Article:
The market for baby-brain DVDs – titles like “Baby Einstein,” “Brainy Baby” and others that make up what’s been called the “Baby Genius Edutainment Complex” – is huge. Parents spend hundreds of millions every year on videos that are marketed as giving tots a leg up in the IQ. Should they?
Why shouldn’t parents believe the promise that these DVDs are Human Growth Hormone for the mind?
After all, even President Bush recommends them, going so far as to honor Baby Einstein founder Julie Aigner-Clark at a State of the Union address.
As revealed at Salon.com, new research shows that Baby Einstein might better be named Baby Dummy. Babies who watch the videos are less verbally proficient than those who do not.
Researchers found that for every hour that an infant between 8 to 16 months old spends watching a brain DVD, he understands, on average, 6 to 8 fewer words than a kid who didn’t do Einstein.
Pediatrician Frederick Zimmerman and his colleagues at the University of Washington discovered the discrepancy through a telephone survey.
They called up a thousand parents and asked them to ask their kids a list of common words – things like “truck,” “cookie” – and to note which ones the infants understood.
The baby DVDs seemed to have no effect on the vocabularies of older kids – toddlers over 17 months.
But younger tykes just couldn’t place as many words as their non-DVD-addled fellows. The researchers controlled for all other likely factors – such as the parents’ education – showing the finding was correlated closely with DVD-watching.
The researchers are careful to note that their study doesn’t prove that the DVDs are the cause of reduced infant vocabularies; it could be that parents who are buying such DVDs are doing so because their own verbal skills aren’t strong, and that this weakness is being reflected in the kids’ confusion over words like “cookie.”
But Zimmerman told Newsweek that it’s possible that DVDs are causing the verbal slippage. “It might be that the baby videos are just displacing time that the child would otherwise spend with a parent or another adult caregiver, or even with an older sibling – all of whom can help the child develop language by interacting with them,” he said. “That interaction could be reading books, or telling stories or just getting down on the floor and playing.”
Zimmerman also cautions that much of the hype surrounding these DVDs is just that – marketing puffery. “You can produce a video in your basement and tell people that anyone who watches it will definitely turn into Mozart – and no one will stop you from saying that,” he tells Newsweek. “And those claims are effective. At the population level, about a third of parents have bought into those claims. So parents should just realize that people are making a lot of money off this.”
The American Academy of Pediatrics edict is no TV for kids under age 2, because all the evidence shows that TV and videos below this age are potentially harmful. But this rule is obviously roundly ignored by the majority of today’s parents. Why?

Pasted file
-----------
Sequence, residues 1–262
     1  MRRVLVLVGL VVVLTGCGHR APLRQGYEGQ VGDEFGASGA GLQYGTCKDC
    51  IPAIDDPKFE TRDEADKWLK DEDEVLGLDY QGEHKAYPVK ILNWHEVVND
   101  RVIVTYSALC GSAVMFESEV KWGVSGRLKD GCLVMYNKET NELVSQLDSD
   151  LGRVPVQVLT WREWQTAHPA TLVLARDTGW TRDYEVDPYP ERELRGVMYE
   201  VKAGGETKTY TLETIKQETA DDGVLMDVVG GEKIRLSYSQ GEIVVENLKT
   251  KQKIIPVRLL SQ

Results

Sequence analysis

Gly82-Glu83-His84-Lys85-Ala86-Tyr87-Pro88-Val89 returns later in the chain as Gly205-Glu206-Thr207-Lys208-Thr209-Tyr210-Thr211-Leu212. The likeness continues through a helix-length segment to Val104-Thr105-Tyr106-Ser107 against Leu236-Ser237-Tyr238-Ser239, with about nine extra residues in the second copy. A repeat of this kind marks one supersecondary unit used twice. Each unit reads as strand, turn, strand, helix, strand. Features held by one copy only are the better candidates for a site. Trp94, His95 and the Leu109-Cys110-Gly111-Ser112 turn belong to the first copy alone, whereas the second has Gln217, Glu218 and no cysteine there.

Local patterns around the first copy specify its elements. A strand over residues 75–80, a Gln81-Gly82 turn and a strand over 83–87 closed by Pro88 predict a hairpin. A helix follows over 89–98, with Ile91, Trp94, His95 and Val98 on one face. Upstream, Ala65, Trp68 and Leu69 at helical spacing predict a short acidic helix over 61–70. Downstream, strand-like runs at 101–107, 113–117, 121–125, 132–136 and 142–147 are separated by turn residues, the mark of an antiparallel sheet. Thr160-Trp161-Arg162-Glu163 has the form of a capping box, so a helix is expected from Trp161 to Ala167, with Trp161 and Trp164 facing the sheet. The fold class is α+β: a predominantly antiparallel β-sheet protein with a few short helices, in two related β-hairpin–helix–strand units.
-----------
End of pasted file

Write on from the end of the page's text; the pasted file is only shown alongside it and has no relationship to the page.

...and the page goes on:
Author Pamela Paul takes on what she calls “the bamboozle that is Baby Einstein” in another article in Salon.com. She says,
“It’s funny. The playpen is something that all of our parents used. You plopped the kid in it, and then you ran to take the laundry out of the washing machine, and throw it in the dryer, or to return a call to your girlfriend.
“Today, the playpen is considered totally verboten. You never put your kid in a playpen. How could you limit their exploration? How could you deprive them of the stimulation?
“You may as well be spanking your kid roundly every day for no reason whatsoever.”
“But,” she explains, “what is Baby Einstein really, but a modern playpen? It’s a way to have your kid occupied, while you get to go do something else.”
Baby Einstein used to say this quite openly in their marketing: “Go take a shower, while your kid is learning about Noah’s Ark.”
Now, they’re much more careful about their wording, and they say: “This is an interactive experience for you to watch with your child.”
“But you talk to most parents, and the last thing that they want to do is watch Baby Einstein. It’s incredibly annoying,” Paul explains. She continues, “We assume for kids that it’s totally fascinating because they’re glued to it, but as a neuroscientist will tell you, a baby’s brain at this stage is actually trained to look at anything that moves or changes within specific time periods, which is what Baby Einstein does.
“Parents are saying: ‘Oh my … my child is mesmerized. He loves it!” Maybe. We don’t know what is going on inside their brain. Maybe they’re like Alex in ‘A Clockwork Orange,’ and they’re forced to watch these images that they want nothing to do with, and yet they can’t move.
“Baby Einstein is one of the most successful marketing bamboozlings of the American parenting marketplace. There is absolutely no evidence that Baby Einstein makes your baby smarter.
“We forget that 20 years ago, there was no programming for babies. If you wanted to really occupy your kid, if you didn’t have a playpen, or if that wasn’t enticing, you just turned on the TV and stuck them in front of ‘Days of Our Lives,’ and they would stare at it.
“The fact is that they may even have gotten more from ‘Days of Our Lives’ than they would from Baby Einstein, because it was actual human faces emoting, as opposed to these random blaring images.
“If Baby Einstein had been called ‘Couch Potato Kiddie,’ and the marketing had been ‘Get your child started on the joys of watching television as early as possible,’ that would have been honest marketing, and that really is what parents are buying.”